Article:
SMU is committed to providing an educational environment that supports students’ health and well-being while they pursue their academic and personal goals.
The Live Responsibly Health and Safety website contains important information about SMU policies, procedures and resources that foster a secure environment that is free of misconduct and that upholds our community’s shared values and standards of behavior.
On the site, you will find information about substance abuse and sexual misconduct, which are serious issues at universities and colleges across the country. At SMU, a permanent Presidential Commission on Substance Abuse Prevention meets regularly to assess the University’s efforts and outcomes. The Commission’s 2011-12 report and previous reports are available on the website.
In addition, President R. Gerald Turner this fall established the Task Force on Sexual Misconduct Policies and Procedures, which is examining SMU’s programs in comparison with benchmark practices to determine if changes are needed, taking into account state and federal laws. Colleges and universities nationwide are reviewing their procedures for handling allegations of sexual misconduct in light of new guidelines issued by the federal government under Title IX of the Education Amendments of 1972. Title IX requires universities and colleges to investigate reports of sexual assault and to provide internal grievance procedures.
More information about the Task Force and Title IX is on the website, as well as information about getting help in case of a sexual assault; reporting an assault to police, campus officials and confidential counselors; pursuing criminal charges and the University conduct review process; and campus and community resources that provide support and education. Because these are important, sensitive and complex issues, all community members are encouraged to familiarize themselves with these policies, procedures and resources.
Cases of the flu have been recently reported in North Texas, including several at SMU.
The University has increased the frequency of sanitation procedures in University buildings and encourages vigilance regarding personal hygiene and health habits. There are things you can do to help prevent the spread of germs, including:
- Wash your hands with soap and water or use hand sanitizer frequently, especially after touching common surfaces (door handles, railings, etc.).
- Cover your mouth when you cough or sneeze with either a disposable tissue or your sleeve.
- If you have a fever or flu-like symptoms, do not go to work or class until 24 hours after you no longer have fever. Students who miss class should contact their professors about making up any missed assignments. Human Resources is developing guidelines for employees who miss work. The Provost is developing academic guidelines for faculty and staff.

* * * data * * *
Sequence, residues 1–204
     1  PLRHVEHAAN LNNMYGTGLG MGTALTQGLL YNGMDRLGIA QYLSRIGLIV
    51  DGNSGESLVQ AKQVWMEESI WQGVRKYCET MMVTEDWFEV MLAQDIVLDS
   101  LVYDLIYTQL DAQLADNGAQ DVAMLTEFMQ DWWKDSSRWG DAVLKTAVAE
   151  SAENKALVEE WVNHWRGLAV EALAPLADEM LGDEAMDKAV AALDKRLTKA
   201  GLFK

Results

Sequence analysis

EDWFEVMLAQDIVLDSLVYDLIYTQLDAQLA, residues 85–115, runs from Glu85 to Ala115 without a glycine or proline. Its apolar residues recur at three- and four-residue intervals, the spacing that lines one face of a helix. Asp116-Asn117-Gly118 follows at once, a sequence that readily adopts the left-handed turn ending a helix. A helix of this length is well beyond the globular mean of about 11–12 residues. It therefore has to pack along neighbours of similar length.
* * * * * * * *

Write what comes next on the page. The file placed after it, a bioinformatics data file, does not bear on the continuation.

- Regularly clean work surfaces and touch points (door handles, drawer pulls, chair arms, etc.) in your work area and home.
SMU will distribute flu vaccine as soon as it becomes available to the University.
The University remains in close contact with the Dallas County Health Department, the Texas Department of State Health Services, the Centers for Disease Control and Prevention, and the World Health Organization. The University also is monitoring the flu situation in other countries for those studying or teaching abroad. Learn more from SMU’s Flu Homepage.
• What SMU is doing about the flu
• Academic plans for a possible flu pandemic
• Faculty and staff guidelines regarding a flu outbreak from SMU Human Resources
• Flu information for parents
• Cleaning and disinfecting guidelines
Even after a mild autumn, a North Texas winter can bring dangerous conditions. SMU aims to remain open – but when the weather outside is frightful, the University has procedures in place to ensure faculty, staff and students know where to go for information about school closings and delays. Find more at the University’s Inclement Weather Policy page.
UPDATE Thursday, Jan. 30, 2014: The University’s Call for Help program has been updated. Visit SMU’s Live Responsibly site for new information.
In accordance with a recommendation put forth by SMU’s Task Force on Substance Abuse Prevention, SMU has developed and enacted a Good Samaritan and medical amnesty policy, the “Call for Help Program.”
Under the new policy, now in effect, students who seek medical assistance for themselves or another person due to alcohol and/or drug intoxication may be exempt from the SMU disciplinary process, except when it has been determined that another violation of University policy has occurred (such as destruction of University property, fire safety violation, physical harm to another person, or other infraction).
Any exemption from the SMU discipline process granted under the policy may only apply to disciplinary action and/or sanctions under the SMU alcohol and/or drug policies in the SMU Student Code of Conduct. It does not prevent the SMU Police or another police agency from detaining a student, issuing a citation or making an arrest if they deem that action necessary.
The Task Force recommendation establishing the program is one of 36 reviewed by the Faculty Senate and accepted by President R. Gerald Turner in April 2008
Any questions or comments about the policy may be directed to the Dean of Student Life Office, 302 Hughes-Trigg Student Center.
>> Read the entire policy under the cut.
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